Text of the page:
July 21, 2015 - Naturalist Carly Hepburn

Humpback whale and hundreds of seabirds.

We had an incredible day offshore and were able to see 3 different species of whales!  Our first sighting began when we saw seabirds and gulls congregated ahead of the boat.  Both of these types of birds feed on the same small schooling fish as our whales do. When we see them in large groups like this we know there is a good chance that whales will be in the area as well.

Finback whale.

Lunging by a finback whale.

This prediction held true and we saw finback and minke whales all around the boat.  One finback whale repeatedly side-lunged, which is a type of feeding behavior, but it is a very rare and beautiful sight to see!  Both species were feeding and traveling fast, or charging, right at the surface of the water.  We were able to watch them for quite a long time before we continued on.

Echo and Tectonic.

Tectonic’s ventral tail pattern.

Our next sighting was of 2 humpback whales that we identified as Tetonic and Echo.  At the same time we saw a group of 5 humpback whales surface feeding!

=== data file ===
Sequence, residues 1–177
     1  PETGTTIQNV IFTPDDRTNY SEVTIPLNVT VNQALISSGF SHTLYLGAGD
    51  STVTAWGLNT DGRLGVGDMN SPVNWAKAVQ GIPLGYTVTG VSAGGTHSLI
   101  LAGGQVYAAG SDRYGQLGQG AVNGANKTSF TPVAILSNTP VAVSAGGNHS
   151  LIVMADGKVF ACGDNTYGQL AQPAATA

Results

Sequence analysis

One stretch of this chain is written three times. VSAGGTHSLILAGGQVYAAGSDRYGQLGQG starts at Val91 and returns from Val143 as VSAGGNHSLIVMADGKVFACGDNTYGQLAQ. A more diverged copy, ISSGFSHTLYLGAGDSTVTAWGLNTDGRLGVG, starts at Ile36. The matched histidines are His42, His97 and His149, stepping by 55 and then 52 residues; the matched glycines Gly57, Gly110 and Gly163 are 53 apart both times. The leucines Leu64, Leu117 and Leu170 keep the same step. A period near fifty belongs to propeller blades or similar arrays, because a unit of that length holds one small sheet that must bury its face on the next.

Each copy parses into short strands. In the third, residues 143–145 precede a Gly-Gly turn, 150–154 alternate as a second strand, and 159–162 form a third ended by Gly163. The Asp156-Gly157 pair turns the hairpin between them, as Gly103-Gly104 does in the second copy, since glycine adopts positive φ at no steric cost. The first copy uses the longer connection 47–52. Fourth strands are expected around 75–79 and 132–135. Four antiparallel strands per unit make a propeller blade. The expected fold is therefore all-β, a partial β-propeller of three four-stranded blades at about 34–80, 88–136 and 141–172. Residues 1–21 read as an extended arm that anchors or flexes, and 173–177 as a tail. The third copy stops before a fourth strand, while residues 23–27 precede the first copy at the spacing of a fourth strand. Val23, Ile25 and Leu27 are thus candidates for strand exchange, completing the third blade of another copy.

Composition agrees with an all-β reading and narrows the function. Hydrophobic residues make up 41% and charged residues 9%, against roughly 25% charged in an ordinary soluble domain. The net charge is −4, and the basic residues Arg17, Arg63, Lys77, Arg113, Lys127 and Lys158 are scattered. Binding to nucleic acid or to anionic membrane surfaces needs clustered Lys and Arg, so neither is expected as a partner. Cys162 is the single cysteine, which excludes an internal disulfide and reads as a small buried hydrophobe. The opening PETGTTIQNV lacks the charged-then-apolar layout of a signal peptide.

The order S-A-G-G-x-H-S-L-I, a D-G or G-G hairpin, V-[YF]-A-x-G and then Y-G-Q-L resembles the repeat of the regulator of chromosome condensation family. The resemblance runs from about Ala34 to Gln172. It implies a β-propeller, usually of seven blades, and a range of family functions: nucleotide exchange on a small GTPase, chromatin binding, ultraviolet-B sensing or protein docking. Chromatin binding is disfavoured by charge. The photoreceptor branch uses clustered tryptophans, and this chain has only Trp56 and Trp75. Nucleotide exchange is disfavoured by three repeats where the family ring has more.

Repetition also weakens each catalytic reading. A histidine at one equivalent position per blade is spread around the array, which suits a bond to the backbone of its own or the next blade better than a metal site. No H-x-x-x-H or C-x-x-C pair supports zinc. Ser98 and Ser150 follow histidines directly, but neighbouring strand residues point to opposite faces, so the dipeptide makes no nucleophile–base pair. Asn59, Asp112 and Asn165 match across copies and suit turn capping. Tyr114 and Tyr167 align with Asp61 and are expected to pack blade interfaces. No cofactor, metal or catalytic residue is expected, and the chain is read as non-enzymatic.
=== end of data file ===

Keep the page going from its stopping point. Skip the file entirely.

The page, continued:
Surface feeding.

We were able to watch this group of humpbacks form a bubble net.  A bubble net is formed by a humpback diving down deep and then blowing a constant stream of bubbles from its blowhole while spiraling upwards, which works to trap the baitfish inside.  A humpback will then go right up through the middle of the net with its mouth wide open, taking in a huge gulp of salt water and their food.

Open mouth feeding.

 

Three humpback whales straining.

We stayed in this area for the remaining time on our trip watching this group repeatedly surface feed as more humpbacks continued to surface all around the boat.  All too soon we had to return back to Provincetown after an amazing day offshore!

Minke whale.

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